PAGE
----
February 6, 1988 —
Fearing the brand-new City of Santa Clarita might try to force them to save it, the heirs of Saugus Speedway founder Bill Bonelli demolish the historic Bonelli House.
The city had incorporated seven weeks earlier.
Photos by official Saugus racing photographer Gary Thornhill.
Located on the grounds of Saugus Speedway, the 5,600-square-foot adobe ranch house dated to the early 1920s when the property was the Baker Ranch. In the early 1930s it was owned by Western actor Hoot Gibson.
In fact, this house was where Gibson married his third wife, Sally Eilers, on June 28, 1930.
The house featured beamed ceilings, three fireplaces, tile work, parquet floors, and an adobe-brick swimming pool that was also bulldozed.
"They wanted it torn down before the new city can enact a law that would prevent
the destruction of historical buildings," a demolition worker told The Signal.
"The house was absolutely fantastic. I'm glad I got to see it before it was torn down."
It would be another 25 years before the city adopted a historic preservation ordinance, and when it did, it protected only seven buildings in downtown Newhall, along with the oldest, original section
of Melody Ranch in Placerita Canyon
(plus the buildings that were already protected by the SCV Historical Society in Heritage Junction Historic Park).
About the photographer: Photojournalist Gary Thornhill chronicled the history of the Santa Clarita Valley as it unfolded in the 1970s, '80s and '90s. From car races in Saugus to fatal car wrecks in Valencia; from topless beauty contests in Canyon Country to fires and floods in the various canyons; from city formation in 1987 to the Northridge earthquake in 1994 — Thornhill's photographs were published in The Los Angeles Times, The Newhall Signal, The Santa Clarita Valley Citizen newspaper, California Highway Patrolman magazine and elsewhere. He penned the occasional breaking news story for Signal and Citizen editors Scott and Ruth Newhall under the pseudonym of Victor Valencia, and he was the Santa Clarita Valley Sheriff Station's very first volunteer — and only the second in the entire LASD. Thornhill retained the rights to the images he created; in 2012, he donated his SCV photographs to two nonprofit organizations — SCVTV and the Santa Clarita Valley Historical Society — so that his work might continue to educate and inform the public.
Bonelli Ranch Adobe Yields to Bulldozer Attack.
The Signal | Sunday, February 7, 1988.
Sounds of shattering adobe brick, splintering wood and screaming bulldozers marred the early-morning peacefulness Saturday outside the Saugus Speedway.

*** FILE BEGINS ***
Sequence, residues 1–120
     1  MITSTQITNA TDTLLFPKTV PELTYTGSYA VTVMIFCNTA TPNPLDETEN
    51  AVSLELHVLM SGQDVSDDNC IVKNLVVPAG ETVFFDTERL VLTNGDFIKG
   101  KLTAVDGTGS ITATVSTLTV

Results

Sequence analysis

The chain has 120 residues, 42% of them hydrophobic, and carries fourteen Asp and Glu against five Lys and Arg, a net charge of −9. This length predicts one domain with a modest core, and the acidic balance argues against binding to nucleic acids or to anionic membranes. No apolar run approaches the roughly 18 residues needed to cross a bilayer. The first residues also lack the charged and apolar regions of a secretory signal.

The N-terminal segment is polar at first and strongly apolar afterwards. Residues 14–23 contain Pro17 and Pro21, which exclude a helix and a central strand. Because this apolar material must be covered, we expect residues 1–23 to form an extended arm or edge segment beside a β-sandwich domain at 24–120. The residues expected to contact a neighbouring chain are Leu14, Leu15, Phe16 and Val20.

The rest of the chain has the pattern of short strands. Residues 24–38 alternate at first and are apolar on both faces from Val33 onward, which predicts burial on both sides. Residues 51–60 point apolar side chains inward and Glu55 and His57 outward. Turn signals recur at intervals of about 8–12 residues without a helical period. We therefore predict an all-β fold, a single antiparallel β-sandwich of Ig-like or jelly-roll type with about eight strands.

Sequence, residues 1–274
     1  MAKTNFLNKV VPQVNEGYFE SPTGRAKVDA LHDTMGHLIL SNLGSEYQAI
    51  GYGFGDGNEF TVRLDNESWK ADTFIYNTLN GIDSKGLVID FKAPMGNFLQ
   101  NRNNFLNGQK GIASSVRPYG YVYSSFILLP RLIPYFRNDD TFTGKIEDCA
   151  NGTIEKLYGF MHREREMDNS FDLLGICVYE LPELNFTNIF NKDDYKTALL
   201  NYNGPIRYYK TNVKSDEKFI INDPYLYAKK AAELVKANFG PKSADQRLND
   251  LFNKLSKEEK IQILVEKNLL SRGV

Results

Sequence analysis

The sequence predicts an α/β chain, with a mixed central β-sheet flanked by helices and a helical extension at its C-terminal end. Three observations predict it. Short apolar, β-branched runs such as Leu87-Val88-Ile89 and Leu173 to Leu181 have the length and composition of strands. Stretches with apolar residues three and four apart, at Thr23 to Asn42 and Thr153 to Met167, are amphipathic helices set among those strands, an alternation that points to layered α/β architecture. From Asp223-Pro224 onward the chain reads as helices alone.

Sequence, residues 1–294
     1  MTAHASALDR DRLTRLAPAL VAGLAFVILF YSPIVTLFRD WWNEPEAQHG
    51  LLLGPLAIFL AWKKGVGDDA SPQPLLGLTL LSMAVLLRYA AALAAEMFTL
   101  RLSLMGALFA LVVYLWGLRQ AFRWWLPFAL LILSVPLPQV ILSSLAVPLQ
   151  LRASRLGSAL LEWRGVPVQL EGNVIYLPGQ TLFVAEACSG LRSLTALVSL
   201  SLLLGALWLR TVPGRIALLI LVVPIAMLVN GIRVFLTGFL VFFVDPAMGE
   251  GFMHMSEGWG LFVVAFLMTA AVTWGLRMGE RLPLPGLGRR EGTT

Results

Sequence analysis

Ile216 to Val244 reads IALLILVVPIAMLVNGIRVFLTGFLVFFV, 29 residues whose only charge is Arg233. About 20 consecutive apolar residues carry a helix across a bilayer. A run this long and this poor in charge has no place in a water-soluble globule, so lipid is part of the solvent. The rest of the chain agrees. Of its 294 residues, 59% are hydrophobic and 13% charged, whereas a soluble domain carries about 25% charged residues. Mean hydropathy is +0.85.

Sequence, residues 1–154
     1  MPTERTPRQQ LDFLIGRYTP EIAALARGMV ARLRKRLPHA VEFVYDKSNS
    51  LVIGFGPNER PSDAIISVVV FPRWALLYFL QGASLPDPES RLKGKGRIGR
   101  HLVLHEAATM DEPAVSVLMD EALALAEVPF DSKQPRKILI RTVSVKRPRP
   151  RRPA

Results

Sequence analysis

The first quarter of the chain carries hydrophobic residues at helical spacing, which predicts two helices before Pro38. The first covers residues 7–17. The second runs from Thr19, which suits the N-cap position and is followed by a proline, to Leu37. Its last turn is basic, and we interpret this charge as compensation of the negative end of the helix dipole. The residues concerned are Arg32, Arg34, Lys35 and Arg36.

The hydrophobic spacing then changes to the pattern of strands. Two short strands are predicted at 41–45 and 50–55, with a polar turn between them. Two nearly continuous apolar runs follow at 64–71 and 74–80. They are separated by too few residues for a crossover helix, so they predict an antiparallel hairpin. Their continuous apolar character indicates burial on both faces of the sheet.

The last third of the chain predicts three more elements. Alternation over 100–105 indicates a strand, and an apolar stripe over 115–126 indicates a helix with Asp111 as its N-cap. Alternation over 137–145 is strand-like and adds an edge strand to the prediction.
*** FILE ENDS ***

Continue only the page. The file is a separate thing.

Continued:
Yet another Santa Clarita Valley landmark — the historic structure many referred to as the Bonelli house — was levelled following a colorful 65-year history.
A member of the Bonelli family, who own the house and the surrounding land, refused to comment on the home's destruction or future plans for the site.
Rick Hall, a construction worker who grudgingly helped tear down the old building, said the family was secretive about their plans.
"They wanted it torn down before the new city can enact a law that would prevent the destruction of historical buildings," he said.
The 5,600-suare-foot house was once owned by cowboy actor Hoot Gibson. He lived there for about seven years and helped start Hoot Gibson's Rodeo Arena, later to become the Saugus Speedway, in the 1930s.
"It was really a big deal back then," said Jerry Reynolds, curator for the SCV Historical Society. "On a Sunday afternoon you could see John Wayne or William S. Hart there."
Reynolds said that the house was indeed an historic structure, but added that the owners were justified in tearing it down because of liability concerns.
He believes it was razed to prevent transients, who he said had been living in the house in recent years, from injuring themselves and then suing the owners for damages.
The house was officially unoccupied for the past eight years, though it was home to families of raccoons who moved out hastily yesterday. It had been used as a storage building, said Hall.
The house was purchased in 1937 by William Bonelli, an economics professor at Occidental College who would later become chairman of the State Board of Equalization.
"He got into a political confrontation with the L.A. Times, which accused him of political malfeasance," said Reynolds. "He eventually left the country and died in Mexico."
The Bonelli family built the first subdivision in this valley in the late 1940s. The tract off Seco Canyon Road was officially called Santa Clarita Village — the first time the name was used — but has always been commonly known as the Bonelli tract.
Bonelli's son, William Jr., served as a member of the first board of trustees of College of the Canyons, and founded the Santa Clarita Water Co.
"That house has certainly had a long and colorful history and career," said Reynolds.
The house was built entirely of adobe brick, which literally exploded on impact with the heavy equipment used to bring down the building.
"The only part of that house built of wood was the roof," said Hall, who added that the house contained beamed ceilings, three fireplaces, intricate tile work and wood parquet floors.
"It was very elaborate,' said Hall. A swimming pool, which was also scheduled to be destroyed, was also built of adobe brick.
"The house was absolutely fantastic," said Hall. "I'm glad I got to see it before it was torn down."
News story courtesy of Tricia Lemon Putnam.